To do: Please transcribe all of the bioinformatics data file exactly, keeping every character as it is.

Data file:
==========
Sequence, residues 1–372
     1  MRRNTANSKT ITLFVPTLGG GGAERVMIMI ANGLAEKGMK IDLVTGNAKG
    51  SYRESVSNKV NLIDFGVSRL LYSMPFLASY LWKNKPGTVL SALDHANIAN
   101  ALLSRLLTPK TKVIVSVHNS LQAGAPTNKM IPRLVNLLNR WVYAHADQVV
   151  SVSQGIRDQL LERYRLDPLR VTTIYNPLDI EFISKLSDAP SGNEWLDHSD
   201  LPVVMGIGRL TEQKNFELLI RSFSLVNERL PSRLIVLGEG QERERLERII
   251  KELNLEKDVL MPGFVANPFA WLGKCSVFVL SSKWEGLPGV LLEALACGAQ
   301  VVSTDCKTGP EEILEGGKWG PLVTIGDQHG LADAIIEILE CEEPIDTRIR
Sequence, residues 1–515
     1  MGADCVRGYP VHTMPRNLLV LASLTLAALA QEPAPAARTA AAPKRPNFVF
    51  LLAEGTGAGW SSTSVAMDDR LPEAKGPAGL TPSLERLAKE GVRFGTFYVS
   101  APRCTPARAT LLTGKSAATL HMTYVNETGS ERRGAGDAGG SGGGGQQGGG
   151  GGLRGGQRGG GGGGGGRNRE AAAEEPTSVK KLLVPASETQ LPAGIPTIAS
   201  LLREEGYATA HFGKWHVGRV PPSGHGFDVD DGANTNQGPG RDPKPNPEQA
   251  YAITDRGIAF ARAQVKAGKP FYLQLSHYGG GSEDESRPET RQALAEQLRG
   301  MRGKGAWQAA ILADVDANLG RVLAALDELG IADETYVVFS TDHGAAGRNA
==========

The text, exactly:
Sequence, residues 1–372
     1  MRRNTANSKT ITLFVPTLGG GGAERVMIMI ANGLAEKGMK IDLVTGNAKG
    51  SYRESVSNKV NLIDFGVSRL LYSMPFLASY LWKNKPGTVL SALDHANIAN
   101  ALLSRLLTPK TKVIVSVHNS LQAGAPTNKM IPRLVNLLNR WVYAHADQVV
   151  SVSQGIRDQL LERYRLDPLR VTTIYNPLDI EFISKLSDAP SGNEWLDHSD
   201  LPVVMGIGRL TEQKNFELLI RSFSLVNERL PSRLIVLGEG QERERLERII
   251  KELNLEKDVL MPGFVANPFA WLGKCSVFVL SSKWEGLPGV LLEALACGAQ
   301  VVSTDCKTGP EEILEGGKWG PLVTIGDQHG LADAIIEILE CEEPIDTRIR
Sequence, residues 1–515
     1  MGADCVRGYP VHTMPRNLLV LASLTLAALA QEPAPAARTA AAPKRPNFVF
    51  LLAEGTGAGW SSTSVAMDDR LPEAKGPAGL TPSLERLAKE GVRFGTFYVS
   101  APRCTPARAT LLTGKSAATL HMTYVNETGS ERRGAGDAGG SGGGGQQGGG
   151  GGLRGGQRGG GGGGGGRNRE AAAEEPTSVK KLLVPASETQ LPAGIPTIAS
   201  LLREEGYATA HFGKWHVGRV PPSGHGFDVD DGANTNQGPG RDPKPNPEQA
   251  YAITDRGIAF ARAQVKAGKP FYLQLSHYGG GSEDESRPET RQALAEQLRG
   301  MRGKGAWQAA ILADVDANLG RVLAALDELG IADETYVVFS TDHGAAGRNA